In Traub Co. v. Coffee Break Service, Inc. (1967) 66 Cal.2d 368, at page 370, 57 Cal.Rptr. 846, at page 847, 425 P.2d 790, at page 791, the court held that ‘a plea of lack of capacity of a corporation to maintain an action by reason of a suspension of corporate powers for nonpayment of its taxes ‘is a plea in abatement which is not favored in law, is to be strictly construed and must be supported by facts warranting the abatement’ at the time of the plea. (Citations.)' In Traub a judgment obtained during suspension was validated by subsequent revivor. The court carefully distinguished a number of cases which did not fall within its holding, including Cleveland, which was described as presenting ‘a statute of limitations problem’ (66 Cal.2d at p. 372, 57 Cal.Rptr. 846, 425 P.2d 790).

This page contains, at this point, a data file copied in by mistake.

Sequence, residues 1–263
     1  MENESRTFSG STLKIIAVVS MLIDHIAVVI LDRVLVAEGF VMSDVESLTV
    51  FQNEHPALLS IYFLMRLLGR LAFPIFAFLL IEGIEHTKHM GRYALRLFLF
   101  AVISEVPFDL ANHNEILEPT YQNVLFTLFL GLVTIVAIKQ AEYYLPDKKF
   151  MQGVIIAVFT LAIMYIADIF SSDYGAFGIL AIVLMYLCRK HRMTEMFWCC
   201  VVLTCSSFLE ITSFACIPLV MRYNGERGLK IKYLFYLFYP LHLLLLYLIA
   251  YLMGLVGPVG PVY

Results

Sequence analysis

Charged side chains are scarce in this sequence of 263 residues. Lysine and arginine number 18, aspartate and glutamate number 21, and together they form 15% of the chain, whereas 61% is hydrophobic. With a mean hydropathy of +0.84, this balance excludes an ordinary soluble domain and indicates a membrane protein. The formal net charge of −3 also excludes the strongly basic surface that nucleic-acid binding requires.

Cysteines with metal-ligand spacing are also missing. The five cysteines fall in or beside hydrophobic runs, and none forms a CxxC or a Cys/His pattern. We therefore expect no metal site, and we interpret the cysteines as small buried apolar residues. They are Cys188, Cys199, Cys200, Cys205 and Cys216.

In the more recent decision of Peacock Hill Assn. v. Peacock Lagoon Constr. Co. (1972) 8 Cal.3d 369, 105 Cal.Rptr. 29, 503 P.2d 285, the court discussed extensively the decisional history as to validating of otherwise invalid prior action by a corporation upon its revival. In Peacock a motion to dismiss the appeal because of a party's suspension during the appeal was denied, thereby extending the rule of Traub to ‘matters occurring subsequent to judgment’ (8 Cal.3d p. 373, 105 Cal.Rptr. 29, 503 P.2d 285). The court stated: ‘In a number of situations the revival of corporate powers by the payment of delinquent taxes has been held to validate otherwise invalid prior action. Traub Co. v. Coffee Break Service, Inc., 66 Cal.2d 368, 370, 57 Cal.Rptr. 846, 425 P.2d 790; Diverco Constructors, Inc. v. Wilstein, 4 Cal.App.3d 6, 12, 85 Cal.Rptr. 851; A.E. Cook Co. v. K S Racing Enterprises, Inc., 274 Cal.App.2d 499, 500, 79 Cal.Rptr. 123; Duncan v. Sunset Agricultural Minerals, 273 Cal.App.2d 489, 493, 78 Cal.Rptr. 339.) In all of the above cited cases it was held that the purpose of section 23301 of the Revenue and Taxation Code is to put pressure on the delinquent corporation to pay its taxes, and that purpose is satisfied by a rule which views a corporation's tax delinquencies, after correction, as mere irregularities. This reasoning is in accord with our language in Boyle v. Lakeview Creamery Co., 9 Cal.2d 16, 68 P.2d 968, declaring the legislative policy of Revenue and Taxation Code provisions imposing sanctions for failure to pay taxes to be ‘clearly to prohibit the delinquent corporation from enjoying the ordinary privileges of a going concern, in order that some pressure will be brought to bear to force the payment of taxes.’ (At p. 19, 68 P.2d at p. 969.) There is little purpose in imposing additional penalties after the taxes have been paid.' (8 Cal.3d at p. 371, 105 Cal.Rptr. at p. 30, 503 P.2d at p. 286)